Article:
The Biden administration is calling out Apple and Google’s app stores for stifling competition. A new report, issued on Wednesday by the Commerce Department’s National Telecommunications and Information Administration (NTIA), said it had investigated the competitive conditions in the mobile app ecosystem and found that it’s “not a level playing field, which is harmful to developers and consumers.” The report also made several policy suggestions that could improve the ecosystem and open up competition.
The investigation had been initiated as part of a 2021 Executive Order on competition and involved consultations with various industry stakeholders in the private industry, civil society, and academia, NTIA said. It also included a review of over 150 comments filed in response to a request for public comment last April.
The report summarizes what industry watchers already know: that the innovations made possible by mobile phones and downloadable apps have begun to be overshadowed by the barriers to entry to the market facing developers, the excessive and restrictive rules, the overcomplicated app review process, and the sizable commissions that developers are forced to pay for access to consumers’ devices.
“Our review suggests that the mobile app store model has provided a range of benefits to both app developers and users, but has also created conditions of competition that are suboptimal,” the report states. “The policies that Apple and Google have in place in their own mobile app stores have created unnecessary barriers and costs for app developers, ranging from fees for access to functional restrictions that favor some apps over others. These obstacles impose costs on firms and organizations offering new technology: apps lack features, development and roll-out costs are higher, customer relations are damaged, and many apps fail to reach a large number of users.”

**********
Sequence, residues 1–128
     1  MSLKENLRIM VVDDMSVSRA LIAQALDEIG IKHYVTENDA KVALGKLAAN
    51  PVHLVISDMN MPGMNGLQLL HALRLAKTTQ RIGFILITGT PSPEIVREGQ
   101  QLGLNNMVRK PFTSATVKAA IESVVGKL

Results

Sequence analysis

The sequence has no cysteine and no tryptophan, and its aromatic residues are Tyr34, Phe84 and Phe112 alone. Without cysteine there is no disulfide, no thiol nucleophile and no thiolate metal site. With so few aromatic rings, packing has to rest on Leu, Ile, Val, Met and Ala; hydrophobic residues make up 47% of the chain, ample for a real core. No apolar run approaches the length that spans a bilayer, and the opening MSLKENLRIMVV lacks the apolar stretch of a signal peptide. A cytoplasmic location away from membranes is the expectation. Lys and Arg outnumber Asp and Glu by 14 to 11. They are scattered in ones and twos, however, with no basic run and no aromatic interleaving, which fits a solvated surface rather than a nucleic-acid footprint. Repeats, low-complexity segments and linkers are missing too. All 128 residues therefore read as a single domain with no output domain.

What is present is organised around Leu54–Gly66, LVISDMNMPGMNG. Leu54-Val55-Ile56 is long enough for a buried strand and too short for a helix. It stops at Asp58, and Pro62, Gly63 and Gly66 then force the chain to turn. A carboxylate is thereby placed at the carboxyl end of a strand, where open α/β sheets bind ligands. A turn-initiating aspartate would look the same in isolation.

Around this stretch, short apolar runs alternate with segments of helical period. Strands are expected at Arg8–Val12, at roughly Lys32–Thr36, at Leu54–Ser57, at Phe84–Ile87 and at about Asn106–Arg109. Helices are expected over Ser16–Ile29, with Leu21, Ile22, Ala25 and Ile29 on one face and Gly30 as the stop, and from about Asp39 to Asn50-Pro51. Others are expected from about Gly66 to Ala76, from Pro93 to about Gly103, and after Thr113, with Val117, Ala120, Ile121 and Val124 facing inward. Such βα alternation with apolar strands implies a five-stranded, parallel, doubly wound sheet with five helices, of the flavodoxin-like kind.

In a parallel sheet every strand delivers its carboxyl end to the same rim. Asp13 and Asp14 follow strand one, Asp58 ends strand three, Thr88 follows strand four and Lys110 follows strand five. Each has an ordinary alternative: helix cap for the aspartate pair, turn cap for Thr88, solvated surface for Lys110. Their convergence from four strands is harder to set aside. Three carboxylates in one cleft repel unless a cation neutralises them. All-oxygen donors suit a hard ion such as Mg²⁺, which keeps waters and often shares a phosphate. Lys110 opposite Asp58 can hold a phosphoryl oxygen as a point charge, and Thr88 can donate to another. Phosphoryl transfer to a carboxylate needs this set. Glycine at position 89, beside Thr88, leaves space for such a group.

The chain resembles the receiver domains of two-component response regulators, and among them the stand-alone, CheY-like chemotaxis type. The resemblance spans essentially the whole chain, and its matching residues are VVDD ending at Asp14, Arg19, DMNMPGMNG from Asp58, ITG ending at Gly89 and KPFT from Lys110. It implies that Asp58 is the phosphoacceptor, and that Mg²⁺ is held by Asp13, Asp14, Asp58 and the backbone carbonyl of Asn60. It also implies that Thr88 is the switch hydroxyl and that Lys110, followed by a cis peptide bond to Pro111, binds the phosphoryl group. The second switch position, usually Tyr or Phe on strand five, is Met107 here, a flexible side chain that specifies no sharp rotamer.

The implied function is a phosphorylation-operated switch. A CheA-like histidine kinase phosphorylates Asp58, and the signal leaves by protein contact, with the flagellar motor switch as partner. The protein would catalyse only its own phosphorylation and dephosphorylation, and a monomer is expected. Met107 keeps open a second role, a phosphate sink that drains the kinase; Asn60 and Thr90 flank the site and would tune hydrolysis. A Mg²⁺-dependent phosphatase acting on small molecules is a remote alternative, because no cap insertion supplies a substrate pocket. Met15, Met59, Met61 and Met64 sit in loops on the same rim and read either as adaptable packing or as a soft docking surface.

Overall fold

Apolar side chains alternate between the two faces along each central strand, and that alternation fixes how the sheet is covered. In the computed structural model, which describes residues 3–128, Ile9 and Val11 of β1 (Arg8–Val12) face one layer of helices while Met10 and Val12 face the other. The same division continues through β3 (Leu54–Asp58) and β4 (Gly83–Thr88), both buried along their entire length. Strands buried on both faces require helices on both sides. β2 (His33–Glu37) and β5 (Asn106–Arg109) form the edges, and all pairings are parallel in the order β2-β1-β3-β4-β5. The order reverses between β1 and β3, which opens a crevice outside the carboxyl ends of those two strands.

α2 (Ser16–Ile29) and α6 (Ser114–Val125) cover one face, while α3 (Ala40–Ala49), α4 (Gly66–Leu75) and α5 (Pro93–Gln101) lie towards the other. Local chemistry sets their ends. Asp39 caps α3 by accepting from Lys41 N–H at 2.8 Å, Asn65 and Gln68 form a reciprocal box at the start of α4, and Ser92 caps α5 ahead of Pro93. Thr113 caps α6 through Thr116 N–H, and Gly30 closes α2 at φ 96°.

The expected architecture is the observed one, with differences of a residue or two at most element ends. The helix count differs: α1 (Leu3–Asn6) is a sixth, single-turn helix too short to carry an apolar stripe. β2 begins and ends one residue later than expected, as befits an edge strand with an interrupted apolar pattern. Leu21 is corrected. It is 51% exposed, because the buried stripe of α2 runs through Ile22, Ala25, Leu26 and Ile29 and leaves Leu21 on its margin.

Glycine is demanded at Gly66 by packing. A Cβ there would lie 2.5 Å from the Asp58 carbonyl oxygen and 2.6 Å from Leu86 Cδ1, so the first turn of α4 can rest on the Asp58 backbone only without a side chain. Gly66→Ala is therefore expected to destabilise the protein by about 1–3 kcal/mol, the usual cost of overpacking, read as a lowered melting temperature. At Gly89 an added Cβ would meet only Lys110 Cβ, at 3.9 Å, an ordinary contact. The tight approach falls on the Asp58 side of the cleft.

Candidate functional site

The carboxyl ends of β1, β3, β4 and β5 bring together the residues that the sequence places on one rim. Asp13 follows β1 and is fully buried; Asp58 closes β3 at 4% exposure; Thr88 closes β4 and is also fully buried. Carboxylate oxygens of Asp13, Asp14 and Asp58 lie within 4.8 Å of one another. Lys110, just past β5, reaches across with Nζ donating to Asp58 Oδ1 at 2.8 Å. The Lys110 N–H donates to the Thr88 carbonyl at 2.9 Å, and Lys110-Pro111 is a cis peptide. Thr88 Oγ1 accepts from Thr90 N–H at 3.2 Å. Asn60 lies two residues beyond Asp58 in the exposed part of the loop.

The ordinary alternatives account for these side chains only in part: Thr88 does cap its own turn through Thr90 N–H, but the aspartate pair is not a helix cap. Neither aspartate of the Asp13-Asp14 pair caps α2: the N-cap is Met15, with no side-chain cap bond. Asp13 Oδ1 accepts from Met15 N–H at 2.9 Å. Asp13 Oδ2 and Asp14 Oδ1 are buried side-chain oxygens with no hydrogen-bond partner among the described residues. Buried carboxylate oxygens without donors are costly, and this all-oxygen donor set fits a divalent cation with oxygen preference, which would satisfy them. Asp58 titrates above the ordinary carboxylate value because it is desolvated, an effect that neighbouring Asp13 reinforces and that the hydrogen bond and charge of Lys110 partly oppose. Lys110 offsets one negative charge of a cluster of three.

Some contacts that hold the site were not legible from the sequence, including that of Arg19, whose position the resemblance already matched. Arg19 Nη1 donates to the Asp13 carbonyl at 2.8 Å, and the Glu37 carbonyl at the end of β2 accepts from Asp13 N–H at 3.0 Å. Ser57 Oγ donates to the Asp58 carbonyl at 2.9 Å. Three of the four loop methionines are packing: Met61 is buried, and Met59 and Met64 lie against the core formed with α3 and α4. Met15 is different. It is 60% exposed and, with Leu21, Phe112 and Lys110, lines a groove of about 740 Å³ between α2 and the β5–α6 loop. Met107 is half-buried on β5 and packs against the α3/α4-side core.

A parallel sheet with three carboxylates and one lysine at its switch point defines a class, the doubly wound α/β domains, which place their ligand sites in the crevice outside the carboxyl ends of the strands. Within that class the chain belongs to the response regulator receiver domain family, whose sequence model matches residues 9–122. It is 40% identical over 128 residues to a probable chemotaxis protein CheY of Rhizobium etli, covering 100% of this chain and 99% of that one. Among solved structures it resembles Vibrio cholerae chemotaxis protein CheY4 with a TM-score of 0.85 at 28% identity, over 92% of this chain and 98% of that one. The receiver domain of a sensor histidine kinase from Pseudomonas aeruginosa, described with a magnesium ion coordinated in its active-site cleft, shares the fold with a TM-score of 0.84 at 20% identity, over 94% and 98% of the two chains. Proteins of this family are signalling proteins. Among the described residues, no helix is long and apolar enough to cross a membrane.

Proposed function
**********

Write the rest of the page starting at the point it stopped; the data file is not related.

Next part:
Both Apple and Google took issue with the report’s findings. (The AP printed their comments here.) Largely, Apple’s position was the same as always — that its rules are focused on providing consumer safety and security. Google, meanwhile, points out it offers more competition and choice. (Android, for instance, already allows sideloading.)
In addition to summarizing the state of the market, the new report makes a variety of recommendations as to how various areas can be improved to boost competition. The report suggests, for example, there should be a more transparent app review process; limits on pre-installed apps and self-preferencing; bans on rules that restrict other means of installing apps, like sideloading; support for third-party payments; support for links to developers’ websites from apps; and more.
It also said tech giants should be restricted from using confidential business data acquired from third-party developers to help launch their own competing apps — a practice so common at Apple, it’s even been dubbed “sherlocking” after a famous example.
The recommendations, however, are just that — ideas, not policy. The report only helps to solidify and clarify the Biden administration’s position on app store competition. As the report points out, “Congress should enact laws” and “relevant agencies should consider measures” to limit anticompetitive conduct. It also suggests there are areas that warrant further study, like “choice screens” (which some argue only offer the perception of choice), and whether or not laws should ban preinstallation of apps or other agreements between Apple and Google and device manufacturers and carriers.
In other words, any real action is still in the hands of regulators and lawmakers, as it was in the months before the report’s release.
The Biden administration, so far, has seen mixed success in actually holding tech giants accountable. On the one hand, the Department of Justice is now suing Google over its digital ad monopoly, while on the other, Meta is winning against the FTC to move forward with its latest acquisition. The DoJ has yet to sue Apple, though it has been building a case and weighing in on Epic Games’ antitrust lawsuit. In the meantime, record lobbying spending from tech giants, including Apple and Google, has helped to block bipartisan bills that would curb anti-competitive behavior from advancing in Congress.
President Biden, of course, already made his position on big tech abuses known, in an op-ed published in The Wall St. Journal earlier this month. With regard to competition, he stated there was still more than needed to be done.
“When tech platforms get big enough, many find ways to promote their own products while excluding or disadvantaging competitors—or charge competitors a fortune to sell on their platform,” he wrote. “My vision for our economy is one in which everyone—small and midsized businesses, mom-and-pop shops, entrepreneurs—can compete on a level playing field with the biggest companies.”